The French problems reached their peak in the autumn of 2018. Friday's climate marches in support of the "Case of the Century", on the one hand, and Saturday's protests of the "yellow vests", on the other, swept through France. The first of these accused the government of insufficient action to reduce emissions and combat climate change. The second group refused to accept restrictions on individual transport to reduce emissions. The regulations accompanying them and a CO2 tax would mainly affect the middle class living on the outskirts of cities, who used to use diesel cars (once considered ecological) to get to work. The protesters in yellow vests did not agree that such a high cost of the transformation would be borne by the poorer part of the society. This led to an impasse in the energy and climate policy. After a year, the level of ambition did not change, but the government drew conclusions on how to manage public policy.
Three steps in planning the energy transition
The French government has learnt from the 2018 protests, changed its approach and style of action.
Three steps in planning the energy transition - lessons from 2018
- Precise definition of long-term objectives.
- Involving citizens in the development of the climate strategy and gaining public acceptance for it.
- Creation of an independent body responsible for assessing and monitoring the long-term decarbonisation strategy.
Below we explain what these steps are:
Precise definition of long-term objectives. France has set itself at the start of the climate neutrality race in 2050. The year 2030 as an intermediate year will mean the achievement of the primary energy reduction target for fossil fuels from 30 to 40% (compared to 2012), the achievement of the target for the share of renewable energy in the mix to 33% - with specific targets for each sector (40% for electricity production, 38% of final heat consumption, 15% of transport fuels (biofuels) and 10% of gas consumption (biogas)). The French want renewable and low-carbon hydrogen to reach 20-40% of total consumption in 2030. On the road to climate neutrality, France has a so-called emission budget system with maximum greenhouse gas emission limits for each sector of the economy. Deviations from the plan motivate the government and parliament to take corrective action.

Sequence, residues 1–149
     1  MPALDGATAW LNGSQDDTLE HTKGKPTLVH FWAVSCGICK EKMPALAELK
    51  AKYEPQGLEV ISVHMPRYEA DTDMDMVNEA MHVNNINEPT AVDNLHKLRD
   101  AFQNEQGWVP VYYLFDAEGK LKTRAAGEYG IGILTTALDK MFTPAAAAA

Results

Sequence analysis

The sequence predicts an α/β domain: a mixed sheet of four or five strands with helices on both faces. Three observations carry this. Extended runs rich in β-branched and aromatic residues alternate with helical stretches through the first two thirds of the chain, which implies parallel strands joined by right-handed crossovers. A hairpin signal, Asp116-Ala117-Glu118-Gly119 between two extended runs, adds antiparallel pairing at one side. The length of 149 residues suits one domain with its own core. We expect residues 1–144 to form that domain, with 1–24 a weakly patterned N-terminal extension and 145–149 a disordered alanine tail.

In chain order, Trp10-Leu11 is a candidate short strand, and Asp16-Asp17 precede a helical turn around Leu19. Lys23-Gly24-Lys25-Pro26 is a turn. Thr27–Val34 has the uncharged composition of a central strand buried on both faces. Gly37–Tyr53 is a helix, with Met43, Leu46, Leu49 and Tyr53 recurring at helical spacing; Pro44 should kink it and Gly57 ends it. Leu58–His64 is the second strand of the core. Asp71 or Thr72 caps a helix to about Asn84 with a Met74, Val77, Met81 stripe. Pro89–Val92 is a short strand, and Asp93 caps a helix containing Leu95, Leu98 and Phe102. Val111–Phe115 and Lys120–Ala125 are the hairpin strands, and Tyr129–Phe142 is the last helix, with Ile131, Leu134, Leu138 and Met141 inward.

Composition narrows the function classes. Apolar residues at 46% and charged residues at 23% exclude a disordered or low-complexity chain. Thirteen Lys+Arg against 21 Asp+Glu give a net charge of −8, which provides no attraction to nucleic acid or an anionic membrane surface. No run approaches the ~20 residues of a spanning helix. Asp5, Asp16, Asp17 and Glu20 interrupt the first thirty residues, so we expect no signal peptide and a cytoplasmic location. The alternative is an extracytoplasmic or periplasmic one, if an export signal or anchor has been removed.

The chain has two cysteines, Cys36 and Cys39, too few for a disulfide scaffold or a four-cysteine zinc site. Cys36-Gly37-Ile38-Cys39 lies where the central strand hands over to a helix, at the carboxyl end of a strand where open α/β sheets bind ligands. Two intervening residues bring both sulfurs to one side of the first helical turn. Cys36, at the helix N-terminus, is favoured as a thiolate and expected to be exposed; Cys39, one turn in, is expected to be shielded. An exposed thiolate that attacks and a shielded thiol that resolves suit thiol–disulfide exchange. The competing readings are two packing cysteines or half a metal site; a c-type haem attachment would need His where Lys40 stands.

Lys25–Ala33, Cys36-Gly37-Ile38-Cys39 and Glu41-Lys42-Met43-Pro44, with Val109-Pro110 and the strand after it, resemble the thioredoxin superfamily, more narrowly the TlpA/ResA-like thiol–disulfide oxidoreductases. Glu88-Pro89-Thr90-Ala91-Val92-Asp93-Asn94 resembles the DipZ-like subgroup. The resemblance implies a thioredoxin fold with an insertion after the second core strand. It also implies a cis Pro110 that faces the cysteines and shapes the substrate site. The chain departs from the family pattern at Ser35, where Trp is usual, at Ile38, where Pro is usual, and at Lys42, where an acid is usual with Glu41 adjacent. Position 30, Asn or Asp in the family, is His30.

Public debate and public acceptance. Demonstrations mobilised the government to establish the Citizen Convention for the Ecological Transition. This form of deliberative democracy is practised in Poland in some local governments (Gdańsk, Warsaw, Olsztyn). In France, an attempt is being made to introduce it at the national level. Within the framework of the Convention, proposals for reforms and solutions necessary for the energy and climate transformation are to be drawn up. The findings will be approved by Parliament. To ensure that citizens are not left on their own, technical and legal assistance for the Convention will be provided by the expert Economic, Social and Environmental Council.
Monitoring progress. Supervision over the implementation of climate policy is to be exercised by the High Council to Climate. In addition to a wide range of activities, it also has numerous competences and resources. The Council has an expert character, acts on its own initiative and is independent from other institutions. It ensures that the entire climate action system is supplied with scientific, technical and economic knowledge and monitors whether the trajectories for achieving the objectives are consistent with the strategies and plans adopted. The Council was inspired by British ideas. Similar bodies exist in Germany, Denmark, Ireland and Sweden.
We hope that this paper will help to overcome the temporary impasse in relations and bring France and Poland closer together in developing a common European energy and climate policy, as well as to explain the political context of the statements expressed by politicians facing internal difficulties.
Author of the report: Delphine Gozillon
Cooperation: Dr. Joanna Maćkowiak-Pandera, Dr. Aleksandra Gawlikowska-Fyk, Klaudia Wojciechowska, Forum Energii
Photo: Maximilien Struys
Date of publication: September 2019